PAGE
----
The Character & Leadership Pin is earned when Junior Leaders learn to apply character and leadership traits at home, at school, and in the community by using an effective problem solving model to create hope for the future. The Sports/Extracurricular Pin demonstrates leadership, sportsmanship, and good communication while developing physical fitness and healthy habits. The Education/Academics Pin is earned by showing excellence in school by maintaining good grades, graduating high school on time, and showing character in class. This is especially important, as Junior Leaders are required to maintain a minimum 3.0 GPA and must seek the help of tutors if their grades drop below this mark. Academic Excellence is promoted with a Leadership Pin, honoring those who maintain straight A’s or a 4.0+ GPA.
The Arts Pin lets Junior Leaders enhance their creativity in the outlet of their choice, such as dramatic arts, photography, film, or music. The Health and Wellness Pin helps youth develop healthy habits and positive behavior while setting goals, and understanding the consequences of unhealthy choices. Lastly, the Career Development Pin encourages Junior Leaders to take a look at various career options as they develop action plans to move into their desired career paths.
Jazmine Sanchez, an 8th grade student from John Glenn Middle School, enjoys being an ALA Junior Leader, having participated in the program for three years. “I love seeing the kids’ faces light up when we do new activities. Just seeing them enjoying their time here and having so much fun makes me glad that they want to come back,” explained Sanchez. “ALA has also helped me. I used to have trouble with public speaking, but now I can do presentations and speak freely with others because of my improved communication skills.”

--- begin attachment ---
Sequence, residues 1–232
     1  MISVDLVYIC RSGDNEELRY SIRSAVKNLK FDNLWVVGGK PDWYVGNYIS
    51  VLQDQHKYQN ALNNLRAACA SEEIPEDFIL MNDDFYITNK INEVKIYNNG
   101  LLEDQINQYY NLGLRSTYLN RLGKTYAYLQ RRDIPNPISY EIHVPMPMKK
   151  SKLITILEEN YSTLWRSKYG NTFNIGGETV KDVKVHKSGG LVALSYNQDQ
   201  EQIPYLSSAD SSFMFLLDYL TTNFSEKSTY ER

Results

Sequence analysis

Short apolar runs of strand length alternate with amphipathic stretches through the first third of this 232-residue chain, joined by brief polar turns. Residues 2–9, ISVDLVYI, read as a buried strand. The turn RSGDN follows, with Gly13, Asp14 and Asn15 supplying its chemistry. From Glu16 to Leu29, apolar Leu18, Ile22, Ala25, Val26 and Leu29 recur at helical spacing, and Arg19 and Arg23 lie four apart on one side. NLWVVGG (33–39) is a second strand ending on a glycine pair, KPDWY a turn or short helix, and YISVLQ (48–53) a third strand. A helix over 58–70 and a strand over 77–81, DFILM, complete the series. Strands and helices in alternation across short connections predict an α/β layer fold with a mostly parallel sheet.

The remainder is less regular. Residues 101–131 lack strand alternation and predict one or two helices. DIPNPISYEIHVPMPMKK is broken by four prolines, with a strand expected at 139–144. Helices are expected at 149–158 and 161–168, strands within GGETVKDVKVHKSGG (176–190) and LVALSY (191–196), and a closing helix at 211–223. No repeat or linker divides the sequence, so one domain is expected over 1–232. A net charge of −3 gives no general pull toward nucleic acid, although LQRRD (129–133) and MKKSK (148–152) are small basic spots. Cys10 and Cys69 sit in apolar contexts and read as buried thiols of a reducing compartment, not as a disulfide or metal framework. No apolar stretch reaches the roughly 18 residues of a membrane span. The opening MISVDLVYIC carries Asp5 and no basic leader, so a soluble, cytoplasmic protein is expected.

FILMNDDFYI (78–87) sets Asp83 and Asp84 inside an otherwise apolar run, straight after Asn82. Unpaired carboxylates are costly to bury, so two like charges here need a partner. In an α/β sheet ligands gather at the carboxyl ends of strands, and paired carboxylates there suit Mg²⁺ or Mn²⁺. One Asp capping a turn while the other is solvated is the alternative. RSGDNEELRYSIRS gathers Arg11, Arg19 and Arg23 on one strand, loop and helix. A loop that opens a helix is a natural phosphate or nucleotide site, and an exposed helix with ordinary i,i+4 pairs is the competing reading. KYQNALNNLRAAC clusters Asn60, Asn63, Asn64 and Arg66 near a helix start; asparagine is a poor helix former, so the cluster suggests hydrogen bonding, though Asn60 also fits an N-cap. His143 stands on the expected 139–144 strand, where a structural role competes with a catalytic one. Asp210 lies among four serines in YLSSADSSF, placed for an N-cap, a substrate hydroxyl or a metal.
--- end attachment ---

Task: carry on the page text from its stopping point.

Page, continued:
Madison Oeth, a 5th grader at Cielo Vista Charter School, has been in the program since she was six years-old, and the topics discussed in ALA hit close to home. “Being in ALA has helped me realize that my dad’s addiction to drugs is not my fault. It’s his problem, not mine. I learned to not blame myself. I like to help kids in similar situations,” revealed Oeth.
Charity Cherrison has been a volunteer for the organization for twelve years, and fully supports ALA’s mission. “When I first found ALA and the values that it teaches children, my very first thought was ‘If I had this when I was a child, my life would have been totally different. I would not have made all the bad decisions I did and I would’ve realized that it’s okay to ask for help,” stated Cherrison. “Every child realizes that someone is always there for them and they never have to feel alone again.”
ALA programs are supported by donations, grants, and fundraising events, with 85 percent of the proceeds going directly into programming, and 15 percent to program development. Participants of the conference are asked to donate one hundred dollars to cover a portion of the cost for the facilities, materials, food, and curriculum; however, scholarships are available for those who cannot donate the full amount.
The first meeting of ALA Junior Leaders will take place on May 5. For more information, visit the organization’s website at www.angellightacademy.org or call 888-311-7388.